XM, Sirius to merge?

I never thought I’d see the day satellite radio rivals XM and Sirius agreed to merge as one. From a business perspective, the proposed merger makes a lot of sense. Double your subscription base and eliminate the need for half your satellites while slashing redundant stations – it’s a recipe for success and will undoubtedly save the company a lot of dough.
But what will it mean for the consumer – particularly the Canadian consumer? For starters, there are issues regarding hardware. I have an XM receiver, and it was built specifically for XM service. There is no compatibility between XM and Sirius radios and that’s the way these systems were designed. Will customers have to buy a new, generic receiver to access the new revised XM/Sirius service? There’ll be a lot of unhappy customers if this is the case – not the least of which are the OEMs who have existing deals with one provider or the other.
Then there’s the issue of Canadian content. The CRTC requires both XM Canada and Sirius Canada to broadcast a certain amount of Canadian content. But these two Canadian entities are not part of the proposed merger. Will Canadian customers have their own service? It seems unlikely a XM/Sirius super-satellite service in the US would comply with CanCon requirements.
Finally, how will this deal affect pricing? With no competition in the marketplace, it’s difficult to imagine pricing will decrease or stay the same. I’m only speculating, but I foresee a tiered pricing system much like you have with cable television, where you pay the base rate and then customize your package by purchasing other channels individually or as packages.
There’s still a whole lot to be worked out logistically before this deal gets done, but as a customer (like many of you, who spend so much time on the road) I do have my concerns. I’ve become dependent on satellite radio to get me through the daily commute and I hope when all is said and done, consumers like us don’t get screwed over.

Avatar photo

James Menzies is editor of Today's Trucking. He has been covering the Canadian trucking industry for more than 20 years and holds a CDL. Reach him at james@newcom.ca or follow him on Twitter at @JamesMenzies.

Have your say

This is a moderated forum. Comments will no longer be published unless they are accompanied by a first and last name and a verifiable email address. (Today's Trucking will not publish or share the email address.) Profane language and content deemed to be libelous, racist, or threatening in nature will not be published under any circumstances.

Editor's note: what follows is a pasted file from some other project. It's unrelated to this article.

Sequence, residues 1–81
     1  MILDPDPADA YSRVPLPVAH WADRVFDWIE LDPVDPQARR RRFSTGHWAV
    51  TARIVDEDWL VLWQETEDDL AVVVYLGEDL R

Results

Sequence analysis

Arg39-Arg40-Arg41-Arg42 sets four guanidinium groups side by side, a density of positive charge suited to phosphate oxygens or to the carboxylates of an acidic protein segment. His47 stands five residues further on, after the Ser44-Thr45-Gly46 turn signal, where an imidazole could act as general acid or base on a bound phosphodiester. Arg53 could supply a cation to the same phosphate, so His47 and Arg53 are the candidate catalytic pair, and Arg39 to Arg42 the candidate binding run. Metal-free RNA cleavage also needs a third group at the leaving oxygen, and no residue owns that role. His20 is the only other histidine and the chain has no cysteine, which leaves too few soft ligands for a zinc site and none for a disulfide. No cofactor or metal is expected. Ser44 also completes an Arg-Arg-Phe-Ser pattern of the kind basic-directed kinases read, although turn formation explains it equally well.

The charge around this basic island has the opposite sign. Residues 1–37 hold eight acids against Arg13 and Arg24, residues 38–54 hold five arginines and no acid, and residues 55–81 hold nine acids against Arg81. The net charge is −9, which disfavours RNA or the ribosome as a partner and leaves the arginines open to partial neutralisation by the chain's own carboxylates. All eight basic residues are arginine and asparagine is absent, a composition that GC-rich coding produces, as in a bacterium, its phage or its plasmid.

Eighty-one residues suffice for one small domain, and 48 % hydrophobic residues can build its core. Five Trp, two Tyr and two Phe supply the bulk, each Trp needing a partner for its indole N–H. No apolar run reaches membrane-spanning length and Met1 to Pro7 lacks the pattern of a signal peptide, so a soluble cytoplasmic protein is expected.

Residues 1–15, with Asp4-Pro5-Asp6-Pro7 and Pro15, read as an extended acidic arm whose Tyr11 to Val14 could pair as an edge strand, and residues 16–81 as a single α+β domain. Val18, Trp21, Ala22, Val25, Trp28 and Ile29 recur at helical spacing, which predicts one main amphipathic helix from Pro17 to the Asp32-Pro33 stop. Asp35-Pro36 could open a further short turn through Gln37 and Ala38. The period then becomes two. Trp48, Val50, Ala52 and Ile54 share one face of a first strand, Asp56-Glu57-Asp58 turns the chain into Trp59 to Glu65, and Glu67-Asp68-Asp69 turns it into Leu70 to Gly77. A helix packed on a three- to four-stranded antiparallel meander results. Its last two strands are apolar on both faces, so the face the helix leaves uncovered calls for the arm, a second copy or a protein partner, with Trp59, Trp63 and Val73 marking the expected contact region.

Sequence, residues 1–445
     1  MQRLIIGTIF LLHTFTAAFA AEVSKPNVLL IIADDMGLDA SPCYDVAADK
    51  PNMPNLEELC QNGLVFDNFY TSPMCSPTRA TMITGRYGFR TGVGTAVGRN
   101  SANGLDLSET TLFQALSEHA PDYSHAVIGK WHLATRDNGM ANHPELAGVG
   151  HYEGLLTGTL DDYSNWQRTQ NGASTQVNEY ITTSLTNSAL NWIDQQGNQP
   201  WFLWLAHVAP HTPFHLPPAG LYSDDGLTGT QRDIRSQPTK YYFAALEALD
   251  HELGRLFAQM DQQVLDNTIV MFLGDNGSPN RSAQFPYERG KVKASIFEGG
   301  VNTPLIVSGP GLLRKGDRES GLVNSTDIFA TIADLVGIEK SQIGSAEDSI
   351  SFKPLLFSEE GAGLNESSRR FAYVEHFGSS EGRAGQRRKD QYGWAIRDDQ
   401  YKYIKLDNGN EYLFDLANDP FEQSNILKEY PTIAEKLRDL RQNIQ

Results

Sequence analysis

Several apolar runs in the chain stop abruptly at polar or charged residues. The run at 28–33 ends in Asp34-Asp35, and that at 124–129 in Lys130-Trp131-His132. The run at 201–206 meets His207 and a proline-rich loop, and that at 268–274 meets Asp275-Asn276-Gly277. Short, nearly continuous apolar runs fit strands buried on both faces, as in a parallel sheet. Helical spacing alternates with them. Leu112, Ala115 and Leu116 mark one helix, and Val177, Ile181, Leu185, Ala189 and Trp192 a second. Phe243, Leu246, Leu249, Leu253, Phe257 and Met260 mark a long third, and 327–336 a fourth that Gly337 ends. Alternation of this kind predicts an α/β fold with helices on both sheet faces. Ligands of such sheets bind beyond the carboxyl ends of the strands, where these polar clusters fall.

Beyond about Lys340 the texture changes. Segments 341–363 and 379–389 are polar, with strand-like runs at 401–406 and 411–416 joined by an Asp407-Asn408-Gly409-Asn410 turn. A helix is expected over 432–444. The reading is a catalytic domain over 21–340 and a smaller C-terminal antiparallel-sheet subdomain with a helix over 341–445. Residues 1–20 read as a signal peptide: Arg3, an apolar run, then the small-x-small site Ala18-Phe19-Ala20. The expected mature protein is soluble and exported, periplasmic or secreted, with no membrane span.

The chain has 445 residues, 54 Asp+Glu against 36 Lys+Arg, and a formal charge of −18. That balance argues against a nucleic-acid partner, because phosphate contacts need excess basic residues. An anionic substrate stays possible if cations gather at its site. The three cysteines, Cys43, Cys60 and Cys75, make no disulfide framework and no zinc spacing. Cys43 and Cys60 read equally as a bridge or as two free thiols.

• honestly..don’t like idea one being pricing,guaranteed they will hike subscription prices..two being we will have to buy new units….mark my words! but were all sucked in i am for sure…can’t go back to regular radio i’m addicted so that means i’ll have to pay…

  • I don’t see why the CRTC or Competition Bureau should let the Canadian affiliates should merge. I mean, the Canadian companies are not actually the satellite owners, just Canadian shell companies which license the content.
    So why can’t the two companies go on licensing the content — even get it from elsewhere, if they can get a better deal — and competing against each other, on pricing and everything else? I see no good reason why a merger there should require a merger here, and as someone who likes being able to choose from competing services (and seeing them compete on pricing), I would be upset if our government allowed it.

  • If the Canadian entities remain independent, I would be pleased with that. But I think they rely on the US programming. I don’t see how they could maintain their independence if the US companies merge. But competition is always a good thing.
    Like Jason said, regardless of what happens, they have a lot of us hooked now. I can’t stand terrestrial radio with its non-stop commercials and lack of variety. Hopefully however this shakes out will benefit the consumer!